When I received my letter from NYU, I’d been declined admission at Columbia University and waitlisted at the University of Chicago. Later, I was rejected from the University of Michigan, a school I’d always considered one of my safe choices as a Michigan native who only lives forty-five minutes away from campus.

In short, my spirits were running pretty low.

As I read the letter, tears began streaming down my cheeks. I couldn’t speak. I couldn’t breathe. Not only was I accepted, but I had a scholarship offer that actually made it possible to go.

I’ve spent the last five months wondering how this happened to me. Everything that made me worry I’d never fit in at a prestigious university made me feel more accepted in New York City’s Greenwich Village, the central base of NYU.

I’m creating this blog for family and friends (and anyone else who wants to come along for the ride). I’ll be posting pictures, updates, and experiences over the next four years. We can go through this journey together.

Leaving Howell, Michigan is going to be the hardest thing I’ve ever done. But New York City? It can’t get more exciting than that.

Without further ado, here were go.

Welcome to Misadventures in the Big Apple.

Remembering Trevor Inman

“Tell me about Trevor.”


That was the word that came from ten-year-old Emily Inman.

A giggle was shared between Emily and her mother, Nicole. The two sat together in Crepe Studio, each of them drinking bubble tea.

“He was funny and he was smart,” Nicole added. “He loved to dance. He would come running into my room dancing and singing. But, when my older son got married, neither he or Jordan would dance at the reception.”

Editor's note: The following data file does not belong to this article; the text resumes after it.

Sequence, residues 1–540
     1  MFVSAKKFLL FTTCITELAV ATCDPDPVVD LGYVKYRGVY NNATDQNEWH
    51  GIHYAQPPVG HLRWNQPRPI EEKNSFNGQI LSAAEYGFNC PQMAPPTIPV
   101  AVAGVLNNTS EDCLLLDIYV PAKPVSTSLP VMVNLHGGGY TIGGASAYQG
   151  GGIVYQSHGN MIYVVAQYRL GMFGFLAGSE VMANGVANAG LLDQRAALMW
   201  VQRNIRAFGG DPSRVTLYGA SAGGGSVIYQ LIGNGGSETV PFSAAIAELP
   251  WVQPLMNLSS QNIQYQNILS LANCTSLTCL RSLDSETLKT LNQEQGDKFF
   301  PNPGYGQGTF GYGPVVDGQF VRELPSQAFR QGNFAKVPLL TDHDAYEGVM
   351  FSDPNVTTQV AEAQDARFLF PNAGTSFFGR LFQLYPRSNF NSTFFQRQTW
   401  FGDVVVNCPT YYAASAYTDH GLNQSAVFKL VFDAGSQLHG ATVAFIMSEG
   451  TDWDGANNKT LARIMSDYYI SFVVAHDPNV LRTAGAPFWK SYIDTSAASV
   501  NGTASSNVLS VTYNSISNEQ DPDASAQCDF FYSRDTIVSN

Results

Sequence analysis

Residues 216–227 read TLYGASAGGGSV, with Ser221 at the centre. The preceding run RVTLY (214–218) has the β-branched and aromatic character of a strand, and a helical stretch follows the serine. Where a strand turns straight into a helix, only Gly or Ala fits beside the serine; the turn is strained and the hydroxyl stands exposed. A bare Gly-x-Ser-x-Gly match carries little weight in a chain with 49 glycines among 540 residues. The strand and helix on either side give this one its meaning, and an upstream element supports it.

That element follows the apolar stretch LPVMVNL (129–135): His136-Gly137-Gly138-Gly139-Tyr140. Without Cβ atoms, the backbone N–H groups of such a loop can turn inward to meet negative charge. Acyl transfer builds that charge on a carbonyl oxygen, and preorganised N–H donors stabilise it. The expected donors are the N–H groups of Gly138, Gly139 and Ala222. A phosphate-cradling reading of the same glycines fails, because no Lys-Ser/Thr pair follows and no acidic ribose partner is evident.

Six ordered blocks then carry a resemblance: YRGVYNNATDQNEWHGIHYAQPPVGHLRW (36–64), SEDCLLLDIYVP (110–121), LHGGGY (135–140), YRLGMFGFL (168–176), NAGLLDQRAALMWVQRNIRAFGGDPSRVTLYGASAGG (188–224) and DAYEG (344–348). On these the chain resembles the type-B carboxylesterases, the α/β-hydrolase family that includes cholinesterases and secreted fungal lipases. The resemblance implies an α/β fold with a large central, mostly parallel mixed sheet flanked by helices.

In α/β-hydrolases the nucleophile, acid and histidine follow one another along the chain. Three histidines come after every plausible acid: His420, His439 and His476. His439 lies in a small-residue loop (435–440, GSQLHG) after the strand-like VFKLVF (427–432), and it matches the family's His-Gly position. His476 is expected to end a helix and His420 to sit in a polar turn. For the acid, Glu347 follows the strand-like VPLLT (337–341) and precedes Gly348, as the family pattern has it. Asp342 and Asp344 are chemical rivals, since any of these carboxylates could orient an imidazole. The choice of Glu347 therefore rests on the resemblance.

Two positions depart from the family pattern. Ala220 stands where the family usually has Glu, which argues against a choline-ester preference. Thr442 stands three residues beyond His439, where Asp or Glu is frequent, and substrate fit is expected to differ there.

Jordan Inman, 18, is Trevor’s twin brother.

“He was a good kid,” Nicole said of her son. “He ran track and he had just bought a bicycle. He and Jaclyn were planning on going to Eastern, both of them for nursing.”

Jaclyn Kucera, 18, is Trevor’s girlfriend of almost four years.

“He liked ramen noodles,” Emily said. She turned to her mother. “Tell her the ramen noodle story.”

“He was always, like, spilling things,” Nicole said. “He was messing around in the kitchen one day and ramen noodles flew out all over the floor. And he looks at Jordan and, of course, Jordan was already filming him.”

Many stories about Trevor include Jordan. The two graduated from Howell High School at the same time. They had the same circle of friends. They even shared a bedroom.

“I always knew when they were fighting because they could be in the bedroom and you could hear them talking and then, all of a sudden, it would be silent,” Nicole said. “And that’s when you knew.”

Both girls laughed at this.

“Everybody loved him.,” Nicole said. “He was just the kid that always smiled.”

At 8 p.m. on June 6, 2014, the time in Howell, Michigan stopped.